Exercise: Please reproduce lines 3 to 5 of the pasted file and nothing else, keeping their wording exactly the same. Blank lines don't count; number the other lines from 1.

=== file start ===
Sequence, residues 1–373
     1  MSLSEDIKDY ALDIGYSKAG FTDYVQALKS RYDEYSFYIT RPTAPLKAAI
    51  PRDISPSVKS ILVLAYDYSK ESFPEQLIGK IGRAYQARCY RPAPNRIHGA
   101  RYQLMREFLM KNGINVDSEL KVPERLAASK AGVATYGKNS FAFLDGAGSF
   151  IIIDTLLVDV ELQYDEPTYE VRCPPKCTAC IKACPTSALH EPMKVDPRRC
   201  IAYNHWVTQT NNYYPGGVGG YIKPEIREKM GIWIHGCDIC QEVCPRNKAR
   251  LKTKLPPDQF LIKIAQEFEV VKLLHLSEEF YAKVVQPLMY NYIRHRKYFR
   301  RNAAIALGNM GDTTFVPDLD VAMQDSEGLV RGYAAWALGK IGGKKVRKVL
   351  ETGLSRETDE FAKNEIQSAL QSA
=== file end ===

    51  PRDISPSVKS ILVLAYDYSK ESFPEQLIGK IGRAYQARCY RPAPNRIHGA
   101  RYQLMREFLM KNGINVDSEL KVPERLAASK AGVATYGKNS FAFLDGAGSF
   151  IIIDTLLVDV ELQYDEPTYE VRCPPKCTAC IKACPTSALH EPMKVDPRRC